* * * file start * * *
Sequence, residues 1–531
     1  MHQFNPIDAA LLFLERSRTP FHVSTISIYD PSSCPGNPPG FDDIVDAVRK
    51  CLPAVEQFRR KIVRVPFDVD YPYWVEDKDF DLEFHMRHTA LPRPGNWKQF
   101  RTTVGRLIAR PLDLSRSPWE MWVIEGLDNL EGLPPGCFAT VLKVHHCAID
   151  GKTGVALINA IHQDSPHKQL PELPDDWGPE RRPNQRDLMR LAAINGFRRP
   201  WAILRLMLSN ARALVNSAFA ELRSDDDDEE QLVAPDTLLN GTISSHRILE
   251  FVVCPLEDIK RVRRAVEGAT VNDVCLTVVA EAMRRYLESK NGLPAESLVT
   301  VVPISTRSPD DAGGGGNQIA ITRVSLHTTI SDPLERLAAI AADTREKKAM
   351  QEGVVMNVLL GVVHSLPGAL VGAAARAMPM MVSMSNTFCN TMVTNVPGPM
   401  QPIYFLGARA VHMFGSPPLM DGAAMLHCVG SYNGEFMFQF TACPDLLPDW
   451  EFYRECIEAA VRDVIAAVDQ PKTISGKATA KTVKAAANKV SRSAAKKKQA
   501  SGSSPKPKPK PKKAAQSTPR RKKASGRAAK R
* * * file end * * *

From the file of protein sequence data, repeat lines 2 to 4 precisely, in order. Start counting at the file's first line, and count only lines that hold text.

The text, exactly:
     1  MHQFNPIDAA LLFLERSRTP FHVSTISIYD PSSCPGNPPG FDDIVDAVRK
    51  CLPAVEQFRR KIVRVPFDVD YPYWVEDKDF DLEFHMRHTA LPRPGNWKQF
   101  RTTVGRLIAR PLDLSRSPWE MWVIEGLDNL EGLPPGCFAT VLKVHHCAID